Sure, any consumer of this API really should fix it themselves to have a secure configuration. But I submit that basically none of them are. An API where almost everyone who uses it wrong is not a good API. When the consequence of using it wrong is poor security, that's a dangerous API.

Knowingly shipping dangerous APIs is irresponsible.

OpenSSL is a god damned shitshow, no questions from me, it's bad, it's dangerous, it's irresponsible.

But they shipped something based on OpenSSL, and now they're making a deliberate decision not to act to protect their users. That's not cool, and that's unacceptable to me. If I actually used Ruby, this would make me reconsider that.


Importantly, every layer in the stack is responsible for it's own security. A consumer of this API should be making sure that it's optimally configured and configure it differently where it's not. Any project that isn't doing that should have security reports sent to it to tell it to do that and if they refuse they are guilty of the same sort of negligence as ruby core.

However the fact that other people should also be claiming responsibility for their own security does not absolve ruby of it's own responsibilities.


From the context, it seems like mame was trying to say that Ruby is not a security-focused project, so the core team has not attracted many volunteers who are familiar with SSL/TLS.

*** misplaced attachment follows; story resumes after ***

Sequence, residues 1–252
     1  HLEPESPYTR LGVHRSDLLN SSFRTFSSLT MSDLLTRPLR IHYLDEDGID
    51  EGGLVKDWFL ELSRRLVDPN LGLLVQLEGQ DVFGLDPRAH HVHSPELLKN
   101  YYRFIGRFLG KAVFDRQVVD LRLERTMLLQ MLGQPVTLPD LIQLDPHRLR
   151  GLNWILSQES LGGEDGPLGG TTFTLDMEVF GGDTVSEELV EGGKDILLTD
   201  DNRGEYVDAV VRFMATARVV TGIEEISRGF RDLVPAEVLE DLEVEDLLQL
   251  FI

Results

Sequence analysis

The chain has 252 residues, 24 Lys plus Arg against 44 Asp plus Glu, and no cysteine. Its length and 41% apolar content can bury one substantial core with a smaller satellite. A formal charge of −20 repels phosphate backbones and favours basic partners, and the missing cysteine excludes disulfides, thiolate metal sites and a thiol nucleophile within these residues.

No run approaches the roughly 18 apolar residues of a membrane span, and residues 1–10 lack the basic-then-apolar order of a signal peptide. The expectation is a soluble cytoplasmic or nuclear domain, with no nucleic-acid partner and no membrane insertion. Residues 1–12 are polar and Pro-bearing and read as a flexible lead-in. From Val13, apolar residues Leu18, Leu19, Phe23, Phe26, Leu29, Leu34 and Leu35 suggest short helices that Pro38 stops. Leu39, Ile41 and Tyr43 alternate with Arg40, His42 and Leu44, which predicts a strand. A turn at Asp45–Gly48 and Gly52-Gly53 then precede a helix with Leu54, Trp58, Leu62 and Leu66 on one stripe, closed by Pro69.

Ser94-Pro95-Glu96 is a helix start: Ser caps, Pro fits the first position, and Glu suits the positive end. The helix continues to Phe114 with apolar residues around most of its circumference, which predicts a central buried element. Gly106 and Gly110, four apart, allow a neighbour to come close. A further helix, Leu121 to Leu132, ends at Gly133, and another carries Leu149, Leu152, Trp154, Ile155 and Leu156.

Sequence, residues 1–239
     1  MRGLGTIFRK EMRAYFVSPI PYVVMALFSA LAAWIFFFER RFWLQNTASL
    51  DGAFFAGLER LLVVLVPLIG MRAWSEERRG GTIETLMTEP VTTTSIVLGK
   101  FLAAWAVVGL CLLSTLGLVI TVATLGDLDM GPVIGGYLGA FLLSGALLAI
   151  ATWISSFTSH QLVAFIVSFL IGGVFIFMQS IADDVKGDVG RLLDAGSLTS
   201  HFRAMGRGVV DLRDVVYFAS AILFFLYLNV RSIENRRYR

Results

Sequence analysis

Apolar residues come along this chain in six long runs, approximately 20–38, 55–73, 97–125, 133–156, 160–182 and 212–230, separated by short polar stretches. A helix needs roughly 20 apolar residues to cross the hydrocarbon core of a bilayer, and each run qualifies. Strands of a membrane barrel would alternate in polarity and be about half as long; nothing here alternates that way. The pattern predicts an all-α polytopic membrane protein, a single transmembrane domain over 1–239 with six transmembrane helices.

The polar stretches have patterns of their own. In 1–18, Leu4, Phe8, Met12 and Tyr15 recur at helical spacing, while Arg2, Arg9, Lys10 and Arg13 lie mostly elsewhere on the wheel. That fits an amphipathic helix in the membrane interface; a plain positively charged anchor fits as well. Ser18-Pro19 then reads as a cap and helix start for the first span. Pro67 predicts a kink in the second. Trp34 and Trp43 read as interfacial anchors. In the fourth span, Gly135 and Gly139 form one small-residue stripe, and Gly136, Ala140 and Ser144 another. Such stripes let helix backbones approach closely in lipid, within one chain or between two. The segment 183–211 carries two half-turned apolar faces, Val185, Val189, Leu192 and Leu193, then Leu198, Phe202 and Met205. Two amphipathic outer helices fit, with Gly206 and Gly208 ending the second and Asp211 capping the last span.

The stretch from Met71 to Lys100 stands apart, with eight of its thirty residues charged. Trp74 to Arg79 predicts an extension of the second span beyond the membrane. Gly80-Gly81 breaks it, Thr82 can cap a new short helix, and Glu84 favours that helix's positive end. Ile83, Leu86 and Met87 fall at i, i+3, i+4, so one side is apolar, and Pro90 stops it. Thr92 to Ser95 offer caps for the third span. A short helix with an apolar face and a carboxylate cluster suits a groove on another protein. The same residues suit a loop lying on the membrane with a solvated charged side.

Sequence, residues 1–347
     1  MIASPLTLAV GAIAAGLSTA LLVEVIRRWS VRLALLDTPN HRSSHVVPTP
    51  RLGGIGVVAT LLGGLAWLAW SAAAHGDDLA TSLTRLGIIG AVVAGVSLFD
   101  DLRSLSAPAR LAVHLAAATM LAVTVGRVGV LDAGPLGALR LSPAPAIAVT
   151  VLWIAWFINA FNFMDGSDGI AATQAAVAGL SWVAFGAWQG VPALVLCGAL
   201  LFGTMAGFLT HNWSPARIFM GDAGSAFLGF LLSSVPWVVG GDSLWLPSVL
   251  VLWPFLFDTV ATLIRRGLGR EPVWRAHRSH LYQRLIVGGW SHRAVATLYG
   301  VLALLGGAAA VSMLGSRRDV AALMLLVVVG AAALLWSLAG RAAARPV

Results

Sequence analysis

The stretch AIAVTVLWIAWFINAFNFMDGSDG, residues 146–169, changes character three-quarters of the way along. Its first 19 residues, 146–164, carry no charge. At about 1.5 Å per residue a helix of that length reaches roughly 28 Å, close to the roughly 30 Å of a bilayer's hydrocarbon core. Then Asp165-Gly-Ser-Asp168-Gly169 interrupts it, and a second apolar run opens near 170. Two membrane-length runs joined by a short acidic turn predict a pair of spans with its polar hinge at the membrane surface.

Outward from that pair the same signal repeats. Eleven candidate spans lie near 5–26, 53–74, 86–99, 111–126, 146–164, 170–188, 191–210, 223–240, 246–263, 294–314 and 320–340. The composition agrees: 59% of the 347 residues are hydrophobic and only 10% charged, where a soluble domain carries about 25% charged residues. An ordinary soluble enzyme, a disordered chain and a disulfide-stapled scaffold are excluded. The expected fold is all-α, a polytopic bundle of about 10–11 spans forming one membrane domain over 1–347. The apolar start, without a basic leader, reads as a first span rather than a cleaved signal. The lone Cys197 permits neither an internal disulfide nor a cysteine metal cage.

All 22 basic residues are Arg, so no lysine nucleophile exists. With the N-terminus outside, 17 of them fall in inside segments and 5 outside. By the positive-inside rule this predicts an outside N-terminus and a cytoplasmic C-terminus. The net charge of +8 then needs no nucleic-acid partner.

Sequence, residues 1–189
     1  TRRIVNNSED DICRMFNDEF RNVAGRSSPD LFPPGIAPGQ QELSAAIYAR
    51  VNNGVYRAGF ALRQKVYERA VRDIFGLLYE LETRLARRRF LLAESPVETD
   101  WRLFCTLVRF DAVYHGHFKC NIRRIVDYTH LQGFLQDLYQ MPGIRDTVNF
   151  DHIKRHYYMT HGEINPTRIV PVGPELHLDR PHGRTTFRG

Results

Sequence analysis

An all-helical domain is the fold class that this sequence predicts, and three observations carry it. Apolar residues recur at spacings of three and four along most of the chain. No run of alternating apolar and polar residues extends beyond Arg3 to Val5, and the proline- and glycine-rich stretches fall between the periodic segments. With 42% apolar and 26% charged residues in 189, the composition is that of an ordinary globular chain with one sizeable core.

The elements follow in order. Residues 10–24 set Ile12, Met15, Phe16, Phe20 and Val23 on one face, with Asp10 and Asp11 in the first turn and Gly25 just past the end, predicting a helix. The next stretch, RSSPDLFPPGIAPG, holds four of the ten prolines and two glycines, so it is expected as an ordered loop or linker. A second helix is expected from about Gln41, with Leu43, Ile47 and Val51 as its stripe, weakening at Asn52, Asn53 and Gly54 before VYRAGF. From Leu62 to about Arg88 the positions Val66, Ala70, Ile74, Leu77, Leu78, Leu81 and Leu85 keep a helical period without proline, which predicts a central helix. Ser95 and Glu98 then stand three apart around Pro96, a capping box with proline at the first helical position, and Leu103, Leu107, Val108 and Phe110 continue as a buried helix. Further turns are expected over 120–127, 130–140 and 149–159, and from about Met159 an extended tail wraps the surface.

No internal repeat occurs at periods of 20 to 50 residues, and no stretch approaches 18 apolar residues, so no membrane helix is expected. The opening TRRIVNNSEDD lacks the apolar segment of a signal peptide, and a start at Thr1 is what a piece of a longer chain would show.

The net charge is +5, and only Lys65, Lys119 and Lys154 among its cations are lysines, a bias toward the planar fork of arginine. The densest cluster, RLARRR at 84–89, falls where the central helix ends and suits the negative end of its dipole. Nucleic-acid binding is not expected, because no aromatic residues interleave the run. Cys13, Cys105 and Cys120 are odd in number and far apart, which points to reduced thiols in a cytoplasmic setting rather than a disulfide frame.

I inferred from this not that Ruby team doesn't care about security, but that they lack the expertise to handle it properly. They're aware of that, and choose to leave these decisions up to the experts.

It's a reasonable position, but, as a user, "We don't know how" doesn't help me any more than "We don't care".


Now it's got deleted. Anyone have a screenshot or cache or something?


At least they are being honest I suppose. If you want a secure language and ecosystem - don't use Ruby.

Security - they've heard of it, at least now.


How about if you aren't a security expert you shouldn't be programming at all because it's all about the weakest link, right? Don't use Java, C, C++ either.


A throwaway troll account, how novel.


Non-SSL expert here and first time poster (not trolling). Python also uses a wrapper for OpenSSL and has similar issues with default settings. Is this problem specific to Ruby or also Python apps as well?


This also applies to Python. For example, Python recently disabled SSLv2. Someone filed a bug and the fix was committed within 3 hours. http://bugs.python.org/issue20207


The SSL2 ClientHello thing is, IIRC, also a compat hack; Firefox used it (at least until recently) when it connected through proxies.


Firefox stopped using it on 2011-08-16. If you've seen Firefox using it recently when connecting through proxies, please let me know.


I'm sure you're right. It was on whatever version of Firefox was on my work laptop the week I learned Golang, since my first project with the language was an HTTPS/SSL proxy. I even griped about it on Twitter (it breaks Golang's crypto/tls), and (after we'd hacked support for it into our local tree) got a link to a patch. That would have been... meh... a year and a half two years ago.


Anyone know of a simple recipe to set up secure defaults?


This is a good place to start on good OpenSSL defaults.

https://www.ssllabs.com/projects/best-practices/index.html


So does PHP, though this is fixed in 5.5 IIRC.